Radio CKSF "on the air" fall 1966

by Brian Antonson

I was a brand new 1st-year student that September.  To my delight, nobody had yet started a campus radio station at SFU, which was then only a year old, an idea that had been rattling around in my mind since high school at Burnaby South.  

One brilliant September afternoon, I ran into two fellas I knew from South on the steps leading up to the Quadrangle, John Bishop and Rob Turner.  We discussed how our first couple of weeks in university were going, and I mentioned that I'd like to see a campus radio station started.  After we'd talked about it for a while, Rob said "So...are we going to talk about it, or are we going to do it?"  We all agreed we were going to do it!

We arranged for a room to hold a founding meeting and put up posters around campus inviting interested people to attend.  The room was packed, and many signed up to be a part of this venture.  We went to a student council meeting and asked for money, and received a grant of $300.  With that in hand, we secured some old control room equipment from Rob's next door neighbour, country music star Evan Kemp; there was a microphone, an audio console that once belonged to CKNW personality Jack Cullen, an amplifier that didn't amplify, a couple of turntables, and a couple of speakers.  

The student council of the day gave us the use of an empty janitor closet underneath a staircase just to the southwest of the Rotunda for our headquarters.  Our growing group met more formally to elect leaders, and John Saikley was elected as both president of our loosely organized group, known as CAMRAD for Campus Radio, and station manager.  I became program director.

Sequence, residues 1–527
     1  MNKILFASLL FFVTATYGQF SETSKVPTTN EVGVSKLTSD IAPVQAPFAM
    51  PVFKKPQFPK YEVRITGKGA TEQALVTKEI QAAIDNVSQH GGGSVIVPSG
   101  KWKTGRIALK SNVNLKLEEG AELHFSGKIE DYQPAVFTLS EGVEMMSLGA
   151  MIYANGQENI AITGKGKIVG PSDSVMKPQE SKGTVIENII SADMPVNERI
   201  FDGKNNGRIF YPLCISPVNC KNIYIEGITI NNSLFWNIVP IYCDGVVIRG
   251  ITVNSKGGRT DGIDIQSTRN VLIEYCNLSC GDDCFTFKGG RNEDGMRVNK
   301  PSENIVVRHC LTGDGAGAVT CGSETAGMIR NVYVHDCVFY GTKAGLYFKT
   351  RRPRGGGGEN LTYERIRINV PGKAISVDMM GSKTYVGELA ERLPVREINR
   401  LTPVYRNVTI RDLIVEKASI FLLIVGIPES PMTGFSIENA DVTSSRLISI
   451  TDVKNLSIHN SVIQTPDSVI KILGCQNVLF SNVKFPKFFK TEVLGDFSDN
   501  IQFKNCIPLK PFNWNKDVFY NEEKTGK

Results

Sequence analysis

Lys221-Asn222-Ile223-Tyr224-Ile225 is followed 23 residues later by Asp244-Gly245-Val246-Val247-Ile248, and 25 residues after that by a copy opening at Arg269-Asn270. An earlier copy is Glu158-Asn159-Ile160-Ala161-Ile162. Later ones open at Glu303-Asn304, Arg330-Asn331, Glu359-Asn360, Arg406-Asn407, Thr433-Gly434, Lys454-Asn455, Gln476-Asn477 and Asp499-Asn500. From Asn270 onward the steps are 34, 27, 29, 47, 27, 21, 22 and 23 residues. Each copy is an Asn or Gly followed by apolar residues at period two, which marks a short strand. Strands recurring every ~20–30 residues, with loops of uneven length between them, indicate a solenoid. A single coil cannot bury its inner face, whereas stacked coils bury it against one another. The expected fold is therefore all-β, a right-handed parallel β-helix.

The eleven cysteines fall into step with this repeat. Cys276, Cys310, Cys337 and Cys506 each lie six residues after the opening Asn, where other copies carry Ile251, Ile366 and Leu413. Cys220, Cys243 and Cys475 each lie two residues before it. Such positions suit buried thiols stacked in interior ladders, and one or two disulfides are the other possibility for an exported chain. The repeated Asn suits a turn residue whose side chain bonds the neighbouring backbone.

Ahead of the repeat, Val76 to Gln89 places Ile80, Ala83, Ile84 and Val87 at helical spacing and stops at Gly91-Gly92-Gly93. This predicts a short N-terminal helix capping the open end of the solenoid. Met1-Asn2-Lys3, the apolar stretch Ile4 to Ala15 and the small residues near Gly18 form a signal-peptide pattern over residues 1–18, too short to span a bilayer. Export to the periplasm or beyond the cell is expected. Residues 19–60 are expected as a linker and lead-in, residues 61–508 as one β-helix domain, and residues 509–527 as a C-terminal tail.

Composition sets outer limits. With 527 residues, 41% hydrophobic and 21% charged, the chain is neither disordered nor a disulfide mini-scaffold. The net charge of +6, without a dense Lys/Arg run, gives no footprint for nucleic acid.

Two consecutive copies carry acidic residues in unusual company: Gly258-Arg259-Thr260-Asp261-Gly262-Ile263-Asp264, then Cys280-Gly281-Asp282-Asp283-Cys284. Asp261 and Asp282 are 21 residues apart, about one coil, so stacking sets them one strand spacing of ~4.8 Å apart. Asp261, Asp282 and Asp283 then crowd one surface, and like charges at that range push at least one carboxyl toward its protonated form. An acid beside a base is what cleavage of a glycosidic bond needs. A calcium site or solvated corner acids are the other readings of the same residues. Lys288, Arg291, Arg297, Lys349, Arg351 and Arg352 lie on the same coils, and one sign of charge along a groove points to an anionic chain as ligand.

We worked away at turning this small janitor closet space into a control room at the rear, and a work area nearest the door.  A fellow named Chris McKelvey brought some technical expertise to the group and was able to coax sound out of the amplifier.  We bought enough speaker wire to stretch from our door to just inside the southwest door of the Rotunda.

And on a grey November day in the Fall of 1966, we went "on the air" with the call sign CKSF, bringing popular tunes from our home collections to those people sitting in the Rotunda.  I can't recall our first record, I can't recall who was first on air...likely me!...but we were launched, and SFU has never been the same since.

Patrick Reid, whose father managed the radio station in Quesnel, dropped by with his booming radio voice and offered to be our news guy, and with current news items cribbed from each morning's Province newspaper, we kept the Rotunda residents informed of goings on.  SFU was a hotbed of student activism in those days, and with a borrowed portable cassette recorder, we covered the rallies and speeches and such, and held our telephone over the recorder's speaker to play back the action to our meager audience.

One day, the Boss Jocks from 73CKLG, the top rock station in town at the time, dropped by when they were on campus for a celebrity event of some kind, and we were able to interview them.  Various other people, some with radio experience, others with none, dropped in to join our motley crew.  Christmas break arrived, and we shut down, but reconvened operations in early January 1967 and made sure a wide variety of music shows, interview and talk sessions, etc., were a part of the growing schedule.  We were on the air weekdays from 10am to 4pm, and occasionally on weekends if someone was available.

I left after the winter term, and moved to BCIT's Broadcast Communications course in September 1967.  John Bishop continued with the station for several years.  I lost track of Rob Turner along the way.  But we three founding fathers can be proud of our work in birthing an operation in the Fall of 1966 that continues to be a part of Simon Fraser University's tartan fabric, five-and-a-half decades later.  Through location changes into larger premises and call sign alterations, that tiny operation has grown to be available on the FM band throughout the lower mainland [CJSF-FM]...a grand achievement of generations of SFU people, and a starter station to a number of successful broadcasters.    

September 18, 2021

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("On Air" photo by Fringer Cat on Unsplash.)